In car wi-fi part of the 'future of connectivity'
EE’s latest vehicle wi-fi device may not be the future of in-car connectivity, but is a “proof of concept” moment, an expert has said.
Jamie Moss, senior analyst for consumer technology at Ovum, said that devices like EE’s Buzzard 2 will probably not be the way the connected car works in the future, but it gives people the chance to test out how they might want it to work.
Buzzard 2, launched last week, is EE’s latest 4G wi-fi device designed to bring high-speed connectivity to the car.
Available to businesses and consumers on a range of pay-as-you-go and monthly plans, the device is aimed to bring connectivity for entertainment, productivity and navigation without needing expensive in-built solutions.
It can plug directly into the dashboard’s 12v connection without needing an adapter, and an extra USB socket allows other devices to be connected to it and charged.
Mr Moss said told Cable.co.uk: “There’s two questions here – will in-car wi-fi be something that is common for us to have in the future? Second, what will be the form factor?
“I don’t necessarily think it’s the case that something like a car charging adapter dongle will be the default way.
“It’s kind of a proof of concept moment for wi-fi in the car and for companies like EE it’s a case of why not?”
He said that the future could lie in connections built in to cars, or people having dedicated devices in their vehicles, or taking other devices in to them each time they got into the car.
“I have heard a fair amount of derision, people saying, ‘well why don’t you just take your smartphone into your car, set up its mobile hotspot functionality and use that to connect other devices?’
“I think in the future of connectivity, ease of use is going to be an important thing. I’m not sure how many people want to have to tinker about with settings when they leave one environment and go into another. Maybe it’s better to have something that is specifically for your car, this is something that can be left in the car.
“A lot of people are getting very excited about the connected car market, but the truth is that very few cars are connected these days.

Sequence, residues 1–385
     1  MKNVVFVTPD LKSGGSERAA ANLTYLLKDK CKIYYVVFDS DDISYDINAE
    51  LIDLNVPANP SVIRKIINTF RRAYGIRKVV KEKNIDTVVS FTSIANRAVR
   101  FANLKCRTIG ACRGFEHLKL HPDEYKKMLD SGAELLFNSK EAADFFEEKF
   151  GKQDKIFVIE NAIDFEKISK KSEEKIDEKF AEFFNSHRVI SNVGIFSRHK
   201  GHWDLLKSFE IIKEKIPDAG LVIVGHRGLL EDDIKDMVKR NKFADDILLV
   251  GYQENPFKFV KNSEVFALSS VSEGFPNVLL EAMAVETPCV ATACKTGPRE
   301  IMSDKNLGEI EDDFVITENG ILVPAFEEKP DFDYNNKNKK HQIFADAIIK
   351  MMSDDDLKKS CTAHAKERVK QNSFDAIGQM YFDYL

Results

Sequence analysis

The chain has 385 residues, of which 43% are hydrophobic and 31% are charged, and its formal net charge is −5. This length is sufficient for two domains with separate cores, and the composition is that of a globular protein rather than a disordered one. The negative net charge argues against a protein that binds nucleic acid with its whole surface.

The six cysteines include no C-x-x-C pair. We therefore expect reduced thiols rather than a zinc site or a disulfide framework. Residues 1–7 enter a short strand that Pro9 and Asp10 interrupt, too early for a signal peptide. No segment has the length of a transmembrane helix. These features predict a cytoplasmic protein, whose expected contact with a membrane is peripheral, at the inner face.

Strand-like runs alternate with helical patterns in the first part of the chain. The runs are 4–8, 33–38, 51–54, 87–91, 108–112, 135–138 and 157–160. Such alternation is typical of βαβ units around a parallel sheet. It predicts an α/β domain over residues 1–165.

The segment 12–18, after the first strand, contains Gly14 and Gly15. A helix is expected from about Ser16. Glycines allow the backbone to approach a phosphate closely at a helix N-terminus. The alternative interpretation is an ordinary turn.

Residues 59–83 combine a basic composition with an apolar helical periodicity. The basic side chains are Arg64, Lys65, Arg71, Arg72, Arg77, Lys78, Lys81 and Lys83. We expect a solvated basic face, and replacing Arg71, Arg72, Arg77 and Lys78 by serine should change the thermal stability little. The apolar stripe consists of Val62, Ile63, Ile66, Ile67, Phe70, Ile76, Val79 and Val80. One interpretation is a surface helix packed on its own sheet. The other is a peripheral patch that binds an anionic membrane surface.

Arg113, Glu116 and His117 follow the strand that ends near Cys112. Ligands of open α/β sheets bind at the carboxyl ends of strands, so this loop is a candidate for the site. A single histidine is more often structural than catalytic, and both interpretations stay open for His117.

“Something like this provides an easy and relatively cheap point of entry for any interested consumers who might want to test out the proposition and work out what the vehicle for them is.”
Mr Moss said it was “encouraging” that EE had followed up its original Buzzard with a newer version, and it was part of ways to compel people to find more uses for connectivity.
He said EE was keen to sell as many 4G subscriptions as possible, and with the car identified as a good environment for high-bandwidth use cases, it made sense for them to “give it a bash”.
“EE’s launch of customer wi-fi is all part of the strategy to migrate people to 4G because 4G is EE’s USP. It’s also a way to compel people to find more uses for connectivity.”
It is also part of providers becoming “one-stop shops” for mobile, broadband, TV, and wi-fi solutions, he said.
He added: “There’s always going to be pros and cons to brought-in solutions, be they dongles or smartphones.
“But there’s quite a lot happening right now because the connected car space is interesting and it’s real.
“It’s just a case of seeing how it pans out, what’s the best way to market it.”
An EE spokesperson said there had been great feedback from the original in-car Buzzard, and they had been pleased with the initial pick-up of its successor.
Asked about the demand for Buzzard 2, they said: “Smartphones and tablets are becoming an increasingly important part of people's digital lives.
"From working and shopping to music and games, nowadays our customers want the benefits of superfast mobile internet wherever they are.
“We want to make sure our customers can enjoy 4GEE is as many places as possible; that's why we've connected more of the UK road network than any other operator.
"Buzzard 2 is the perfect way for passengers to access the biggest and fastest 4G network in the UK – whether they're keeping the kids entertained on the school run or commuting to work."
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